I am interested in peoples’ stories. I can trace my interest in personal stories to my own experience of becoming a Christian and my own spiritual journey. I have found much common ground with other people who have had similar experiences. The story of spiritual journey (a “testimony”) is part of the fabric of the evangelical Christian tradition. The testimony is a test of sorts of the authenticity of the journey, of a real encounter with God that we call being “born again”.
A testimony is the most personal evidence for the existence of God for the person who claims to be a Christian, but it isn’t evidence in a scientific sense. It’s evidence that is easily discounted by the naturalist who relies only on science and empirical, measurable and falsifiable evidence.
It can also be problematic for the Christian community. There is a certain social, group pressure – unintended, or not – for every Christian to have “a testimony”. The more dramatic the better. The person who was “always a Christian” may feel a tinge of self doubt. The person whose story does not line up with more “typical” testimonies may feel out of step.
Personal stories are subjective, and the subjective nature of them engenders some natural and warranted skepticism.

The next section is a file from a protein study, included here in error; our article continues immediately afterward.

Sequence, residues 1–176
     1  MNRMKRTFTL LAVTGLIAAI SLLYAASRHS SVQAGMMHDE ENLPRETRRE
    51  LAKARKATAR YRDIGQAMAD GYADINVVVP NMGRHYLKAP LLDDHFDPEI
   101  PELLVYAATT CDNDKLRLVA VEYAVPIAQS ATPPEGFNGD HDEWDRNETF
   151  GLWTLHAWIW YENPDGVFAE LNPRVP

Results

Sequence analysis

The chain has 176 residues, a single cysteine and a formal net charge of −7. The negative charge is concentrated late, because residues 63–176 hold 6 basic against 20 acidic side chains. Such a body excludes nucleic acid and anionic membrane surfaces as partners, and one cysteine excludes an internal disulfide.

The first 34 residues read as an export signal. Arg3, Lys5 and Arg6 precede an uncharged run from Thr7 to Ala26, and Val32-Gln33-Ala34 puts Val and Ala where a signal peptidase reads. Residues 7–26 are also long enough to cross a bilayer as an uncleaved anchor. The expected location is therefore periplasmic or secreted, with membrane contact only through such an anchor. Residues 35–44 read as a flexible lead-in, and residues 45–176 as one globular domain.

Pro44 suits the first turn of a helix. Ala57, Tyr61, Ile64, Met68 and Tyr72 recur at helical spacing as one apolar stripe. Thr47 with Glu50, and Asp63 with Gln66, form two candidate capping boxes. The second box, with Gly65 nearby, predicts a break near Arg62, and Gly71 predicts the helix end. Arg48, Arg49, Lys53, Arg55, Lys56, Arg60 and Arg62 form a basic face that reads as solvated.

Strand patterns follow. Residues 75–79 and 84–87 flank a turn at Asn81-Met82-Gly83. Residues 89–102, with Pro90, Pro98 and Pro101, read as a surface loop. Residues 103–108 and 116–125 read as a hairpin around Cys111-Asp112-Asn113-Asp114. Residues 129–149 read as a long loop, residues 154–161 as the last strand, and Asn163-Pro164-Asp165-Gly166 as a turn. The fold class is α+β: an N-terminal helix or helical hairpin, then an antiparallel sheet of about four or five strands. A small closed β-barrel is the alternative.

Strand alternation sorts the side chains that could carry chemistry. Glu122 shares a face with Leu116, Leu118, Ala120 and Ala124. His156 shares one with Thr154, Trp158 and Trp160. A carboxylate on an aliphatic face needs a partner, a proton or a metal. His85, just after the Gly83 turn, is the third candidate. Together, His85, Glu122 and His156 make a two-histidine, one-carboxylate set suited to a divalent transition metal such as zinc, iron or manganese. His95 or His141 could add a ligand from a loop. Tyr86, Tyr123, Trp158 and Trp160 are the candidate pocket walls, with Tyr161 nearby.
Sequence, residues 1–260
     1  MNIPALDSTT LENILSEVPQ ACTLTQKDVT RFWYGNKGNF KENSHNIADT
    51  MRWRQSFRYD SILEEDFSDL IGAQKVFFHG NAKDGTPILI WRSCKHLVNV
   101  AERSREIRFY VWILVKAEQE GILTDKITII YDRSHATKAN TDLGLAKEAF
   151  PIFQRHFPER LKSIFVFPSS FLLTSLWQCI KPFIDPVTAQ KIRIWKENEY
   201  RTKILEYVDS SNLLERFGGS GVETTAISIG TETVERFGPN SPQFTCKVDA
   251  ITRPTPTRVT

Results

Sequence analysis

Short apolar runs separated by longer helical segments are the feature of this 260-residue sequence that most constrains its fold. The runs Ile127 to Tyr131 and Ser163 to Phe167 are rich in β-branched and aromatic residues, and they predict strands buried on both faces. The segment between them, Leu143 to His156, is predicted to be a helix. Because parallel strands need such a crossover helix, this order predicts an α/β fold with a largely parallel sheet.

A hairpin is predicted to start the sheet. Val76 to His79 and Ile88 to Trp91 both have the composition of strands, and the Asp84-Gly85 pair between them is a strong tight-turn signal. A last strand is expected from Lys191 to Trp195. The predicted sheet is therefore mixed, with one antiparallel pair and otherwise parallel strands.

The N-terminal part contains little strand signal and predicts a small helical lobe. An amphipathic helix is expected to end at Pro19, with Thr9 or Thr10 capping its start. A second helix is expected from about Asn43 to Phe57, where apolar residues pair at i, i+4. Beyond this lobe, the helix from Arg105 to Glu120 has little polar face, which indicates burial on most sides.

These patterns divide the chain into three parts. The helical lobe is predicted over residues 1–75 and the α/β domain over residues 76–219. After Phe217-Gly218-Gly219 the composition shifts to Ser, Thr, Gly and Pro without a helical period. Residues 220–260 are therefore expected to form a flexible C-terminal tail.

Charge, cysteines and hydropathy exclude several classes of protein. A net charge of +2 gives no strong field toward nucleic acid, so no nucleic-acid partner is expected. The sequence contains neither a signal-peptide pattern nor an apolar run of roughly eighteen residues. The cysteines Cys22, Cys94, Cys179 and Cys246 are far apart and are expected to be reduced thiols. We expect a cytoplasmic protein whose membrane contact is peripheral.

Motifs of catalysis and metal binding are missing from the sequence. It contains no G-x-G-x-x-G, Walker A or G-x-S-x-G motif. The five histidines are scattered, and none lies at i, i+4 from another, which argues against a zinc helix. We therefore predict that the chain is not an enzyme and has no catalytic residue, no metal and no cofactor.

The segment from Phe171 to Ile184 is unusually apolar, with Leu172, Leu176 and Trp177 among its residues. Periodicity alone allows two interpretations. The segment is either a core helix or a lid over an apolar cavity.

Don’t get me wrong. The intimate and private nature of a personal experience with God is exactly the most compelling thing about it. Like the woman at the well who told everyone of her encounter with Jesus – “Come and see a man who told me everything I ever did!” (John 4:4-30) – the intimate and highly personal nature of the experience is what makes it so meaningful and convincing.
But personal encounter, ultimately, is meaningful and convincing mainly to the one who experiences it. It can’t be empirically verified, and it doesn’t carry the same weight with other people who don’t have the same intimate connection to the personal details.
Personal experiences are not bound by logical, rational or empirical factors. If we rely on personal experiences, especially to the exclusion of more “scientific” analyses, the highly subjective and personal nature of personal experiences can led a person down some questionable rabbit holes. We probably all know people who have been so influenced by their own personal experiences which, unchecked by some objective analysis, have led them onto some strange and questionable paths.
For the Christian, that objective analysis is Scripture, doctrine and tradition. For each religion, that objective analysis is some combination of that religion’s scripture, doctrinal corpus and tradition, and for the naturalist, that objective analysis is empirical evidence, proven theory and scientific analysis.
This is where NDEs get interesting. Continue reading “What Near Death Experiences Prove, and What They Do Not Prove”